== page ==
The government might be getting worse by the day, but some things are improving here (via CNN):
When Shenzhen housewife Zhang Lin was growing up in rural Guangdong province, her family kept guard dogs, some of which were slaughtered for meat during the Lunar New Year.
Now she is the owner of Dou-dou, a high-energy miniature poodle she bought for 4,000 yuan ($626), more than triple this southern Chinese city’s monthly minimum wage. She never eats dog meat and treats Dou-dou like her child.
“Growing up, we always had dogs around, but their purpose was [for] meat and guarding the house,” Zhang said. “Dou-dou is my companion.”
Zhang regularly takes Dou-dou to King Glory Plaza, a large public square dominated by an upscale shopping mall, where the Shenzhen middle class come out to play. At night, the square is filled with children whizzing by on roller-skates and couples relaxing on benches, as well as with China’s newest beneficiaries of economic growth: dogs. Poodles, huskies, Labradors run off leash, tails wagging and tongues flailing, as their owners share health and grooming tips. Despite Shenzhen’s tiny apartments, most of the dogs at the square are large breeds.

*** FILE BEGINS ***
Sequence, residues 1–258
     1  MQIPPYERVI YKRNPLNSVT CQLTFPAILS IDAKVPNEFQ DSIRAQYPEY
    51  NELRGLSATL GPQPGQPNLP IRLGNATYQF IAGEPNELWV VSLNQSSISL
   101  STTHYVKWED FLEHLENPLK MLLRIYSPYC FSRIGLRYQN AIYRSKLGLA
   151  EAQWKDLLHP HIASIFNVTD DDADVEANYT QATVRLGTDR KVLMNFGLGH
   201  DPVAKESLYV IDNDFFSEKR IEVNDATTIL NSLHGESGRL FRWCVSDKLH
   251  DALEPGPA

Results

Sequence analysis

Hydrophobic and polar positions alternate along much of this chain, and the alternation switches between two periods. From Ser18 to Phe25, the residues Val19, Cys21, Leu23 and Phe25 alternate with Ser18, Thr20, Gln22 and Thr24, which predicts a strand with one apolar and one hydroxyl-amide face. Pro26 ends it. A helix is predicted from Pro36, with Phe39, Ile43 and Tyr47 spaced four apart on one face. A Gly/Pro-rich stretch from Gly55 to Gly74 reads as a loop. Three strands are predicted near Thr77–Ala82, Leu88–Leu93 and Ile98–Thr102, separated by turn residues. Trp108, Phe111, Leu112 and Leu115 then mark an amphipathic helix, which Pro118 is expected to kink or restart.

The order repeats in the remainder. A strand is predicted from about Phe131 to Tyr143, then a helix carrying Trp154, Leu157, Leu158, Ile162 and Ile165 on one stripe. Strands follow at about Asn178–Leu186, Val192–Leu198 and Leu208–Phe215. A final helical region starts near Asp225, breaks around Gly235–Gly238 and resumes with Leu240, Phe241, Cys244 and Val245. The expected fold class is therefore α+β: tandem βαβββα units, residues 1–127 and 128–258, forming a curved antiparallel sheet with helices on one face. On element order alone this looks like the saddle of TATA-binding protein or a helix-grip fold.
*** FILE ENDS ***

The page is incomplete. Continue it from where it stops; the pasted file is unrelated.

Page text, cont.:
How dogs are viewed is undergoing a major shift in China, and nowhere are the conflicting attitudes more evident than in Shenzhen, a city in a part of the country where dog meat is commonly eaten. Except for the occasional mutt, King Glory Plaza is a purebred showcase, as dogs have become a status symbol for many residents with newfound disposable income.
This new coddling of dogs as pets does not mean the old custom of eating dog meat has disappeared. Type the Chinese character for dog, gou, into an iPhone, and predictive text will offer you meat, rou, as a logical follow-up character.
One man who sells in-demand breeds at a pet store in Dongmen says his career of selling dogs hasn’t changed his outlook on eating dog meat.
“How is it any different from eating any other animal?” he says. “It’s just the same as beef.”
But some dog owners recoil at the thought.
“I have eaten dog meat, once when I was young,” says Pang, the owner of golden retriever Shunliu. “But now I could never eat dog meat. When others eat dog meat I also tell them they shouldn’t. When you really understand dogs you could never eat their meat. You could never be so cruel to your most loyal friend.”
A few more years and maybe some more of those dog restaurants will disappear? You’ll probably never get them out of the ‘eat anything from the land except for a car, sea except for a boat, and air except for a plane’ south, but the rest of the country might come around…